IT in Manufacturing


How can manufacturers survive under the new normal to 2021 and beyond?

October 2020 IT in Manufacturing

Thanks to COVID-19, businesses have had to embrace the trend of remote offices, and the manufacturing industry is entering the era of unmanned operations. Digital upgrades are becoming necessary to overcome physical limitations and adjust business operations to adapt to the current and future crises. How can companies adjust to the new normal and maintain efficient operations when social distancing is required to maintain safety?

Here are three key factors to consider:

Digitalisation of essential business operation data

Through this pandemic, companies have gradually become more open to digitalisation. While people already communicate online through collaboration tools, it is also possible for machines to transmit real-time data or even communicate with each other through digitalisation. Data can not only be stored on local servers but also in the cloud, improving accessibility. This allows production managers to receive and adjust processes in a timely manner even when they have to work remotely. Additionally, companies can analyse this data to direct and drive improvements such as increased yield rates or redesign of manufacturing processes to improve efficiency and margin.

Remote maintenance for critical machines

Over the past few months, the world has gradually adjusted to not being able to go out to work. Some business owners already invested in unmanned production lines, allowing production to continue. On the other hand, they worry about critical machines malfunctioning or becoming damaged and stopping production. Before the pandemic, owners who bought or leased high-priced machines would sign maintenance contracts with machine builders. However, these contracts may now be rendered void due to city-wide closures. During a lockdown, machine builders may not be able to perform on-site maintenance. This is resulting in the growing adoption of remote maintenance services, which were previously underutilised. Maintenance workers can now perform real-time diagnosis and maintenance for customers remotely. Through the IoT, critical machines can be quickly brought back online without requiring a person on site. This not only reduces the time needed troubleshoot issues, but also prevents employees from being exposed to dangerous environments.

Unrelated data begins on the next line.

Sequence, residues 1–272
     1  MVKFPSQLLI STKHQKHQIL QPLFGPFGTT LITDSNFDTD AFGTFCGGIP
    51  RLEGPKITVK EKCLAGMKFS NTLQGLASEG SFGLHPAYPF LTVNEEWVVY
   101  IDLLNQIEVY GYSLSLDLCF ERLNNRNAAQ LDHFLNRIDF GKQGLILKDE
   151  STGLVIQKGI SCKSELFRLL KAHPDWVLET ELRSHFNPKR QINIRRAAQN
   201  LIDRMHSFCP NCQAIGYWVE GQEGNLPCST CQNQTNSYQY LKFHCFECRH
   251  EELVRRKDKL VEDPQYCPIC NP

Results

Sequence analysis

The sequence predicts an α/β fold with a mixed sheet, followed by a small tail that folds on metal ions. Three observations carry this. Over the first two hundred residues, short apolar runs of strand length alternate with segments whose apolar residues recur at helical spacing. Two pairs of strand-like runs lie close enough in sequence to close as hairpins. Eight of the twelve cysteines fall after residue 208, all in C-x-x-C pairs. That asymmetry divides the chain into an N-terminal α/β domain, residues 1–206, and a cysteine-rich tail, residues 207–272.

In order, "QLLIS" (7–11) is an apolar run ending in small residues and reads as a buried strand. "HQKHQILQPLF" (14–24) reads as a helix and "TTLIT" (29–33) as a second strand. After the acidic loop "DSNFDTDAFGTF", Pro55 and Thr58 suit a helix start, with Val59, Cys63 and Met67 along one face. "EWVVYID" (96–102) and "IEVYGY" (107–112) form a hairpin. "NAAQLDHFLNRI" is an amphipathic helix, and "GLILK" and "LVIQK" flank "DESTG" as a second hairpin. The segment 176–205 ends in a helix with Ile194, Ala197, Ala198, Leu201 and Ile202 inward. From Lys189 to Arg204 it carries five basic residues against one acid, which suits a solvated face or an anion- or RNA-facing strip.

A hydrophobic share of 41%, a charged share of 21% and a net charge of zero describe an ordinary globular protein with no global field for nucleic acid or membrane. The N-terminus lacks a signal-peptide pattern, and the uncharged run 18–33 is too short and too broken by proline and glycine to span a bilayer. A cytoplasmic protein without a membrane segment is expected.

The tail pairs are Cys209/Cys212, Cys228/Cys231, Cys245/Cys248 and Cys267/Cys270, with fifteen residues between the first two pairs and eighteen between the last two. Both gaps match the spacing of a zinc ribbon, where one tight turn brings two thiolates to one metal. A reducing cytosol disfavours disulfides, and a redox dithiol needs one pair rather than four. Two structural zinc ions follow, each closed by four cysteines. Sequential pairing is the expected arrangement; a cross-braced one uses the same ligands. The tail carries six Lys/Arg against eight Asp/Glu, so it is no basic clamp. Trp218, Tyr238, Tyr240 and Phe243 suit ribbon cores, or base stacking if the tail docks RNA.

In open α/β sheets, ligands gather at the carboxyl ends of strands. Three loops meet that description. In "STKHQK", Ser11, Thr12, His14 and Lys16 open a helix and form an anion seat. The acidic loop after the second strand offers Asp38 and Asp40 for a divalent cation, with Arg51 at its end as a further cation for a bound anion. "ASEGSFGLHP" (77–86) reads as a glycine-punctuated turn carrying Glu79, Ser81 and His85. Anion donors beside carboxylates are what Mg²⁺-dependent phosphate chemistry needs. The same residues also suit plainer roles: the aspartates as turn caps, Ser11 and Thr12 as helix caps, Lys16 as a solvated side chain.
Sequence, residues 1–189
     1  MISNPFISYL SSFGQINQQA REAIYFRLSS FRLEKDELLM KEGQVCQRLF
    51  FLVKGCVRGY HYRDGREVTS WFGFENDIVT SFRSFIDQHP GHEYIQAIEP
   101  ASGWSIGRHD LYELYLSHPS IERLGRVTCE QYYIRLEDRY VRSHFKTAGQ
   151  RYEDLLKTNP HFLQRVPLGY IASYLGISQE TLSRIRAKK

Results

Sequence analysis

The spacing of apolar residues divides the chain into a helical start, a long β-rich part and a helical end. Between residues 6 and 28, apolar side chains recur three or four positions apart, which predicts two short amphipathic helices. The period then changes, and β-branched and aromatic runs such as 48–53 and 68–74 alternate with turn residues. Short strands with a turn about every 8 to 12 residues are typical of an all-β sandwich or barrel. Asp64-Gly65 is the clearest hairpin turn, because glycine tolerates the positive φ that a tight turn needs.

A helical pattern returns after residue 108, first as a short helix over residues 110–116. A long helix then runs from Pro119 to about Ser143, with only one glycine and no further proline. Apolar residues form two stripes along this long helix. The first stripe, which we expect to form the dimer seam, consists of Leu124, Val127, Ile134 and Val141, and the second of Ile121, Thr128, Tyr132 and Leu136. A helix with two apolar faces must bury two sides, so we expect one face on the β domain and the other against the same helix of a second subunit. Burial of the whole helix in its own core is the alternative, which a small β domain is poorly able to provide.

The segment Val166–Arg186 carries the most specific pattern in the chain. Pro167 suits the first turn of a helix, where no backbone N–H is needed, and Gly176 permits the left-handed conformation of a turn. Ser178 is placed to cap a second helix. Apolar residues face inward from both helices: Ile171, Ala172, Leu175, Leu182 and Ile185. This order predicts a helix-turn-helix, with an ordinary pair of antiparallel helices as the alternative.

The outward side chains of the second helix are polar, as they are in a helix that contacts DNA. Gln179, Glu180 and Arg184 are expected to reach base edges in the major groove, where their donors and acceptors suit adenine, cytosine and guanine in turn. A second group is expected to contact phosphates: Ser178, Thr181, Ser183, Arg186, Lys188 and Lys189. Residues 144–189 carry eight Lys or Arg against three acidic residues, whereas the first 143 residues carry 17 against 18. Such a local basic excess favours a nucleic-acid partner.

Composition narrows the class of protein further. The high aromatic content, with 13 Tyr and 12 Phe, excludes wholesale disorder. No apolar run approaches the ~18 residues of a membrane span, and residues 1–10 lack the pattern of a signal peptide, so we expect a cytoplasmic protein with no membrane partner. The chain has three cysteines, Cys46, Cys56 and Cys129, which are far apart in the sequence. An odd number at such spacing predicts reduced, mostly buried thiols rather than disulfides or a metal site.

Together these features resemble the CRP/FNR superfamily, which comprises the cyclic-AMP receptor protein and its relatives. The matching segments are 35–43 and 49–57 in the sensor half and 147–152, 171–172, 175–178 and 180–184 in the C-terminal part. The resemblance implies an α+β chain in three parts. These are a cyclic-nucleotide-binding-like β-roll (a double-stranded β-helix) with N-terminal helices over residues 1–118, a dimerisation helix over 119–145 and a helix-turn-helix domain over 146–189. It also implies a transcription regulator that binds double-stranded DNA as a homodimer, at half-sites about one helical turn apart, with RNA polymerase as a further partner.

Interconnection between decentralised micro-supply chains

COVID-19 has forced businesses to scramble to find new suppliers at short notice. This can be due to suppliers shutting down or because of a wave of anti-globalism, pushing companies to find alternative suppliers. The impact suffered by international supply chains may lead to the formation of multinational micro-supply chains to diversify risks. They offer better adaptability, allowing companies to shift resources, production, and logistics to respond to disruptions and changes in demand. But, in order to achieve a more agile and resilient supply chain, producers need to build and manage multiple micro-supply chains. This will trigger a rise in demand for real-time information across micro-supply chains to give a complete picture of the entire supply chain. With this information, companies can make real-time adjustments, analyse collected data, and use artificial intelligence (AI) to simulate different production models to determine the best path forward.


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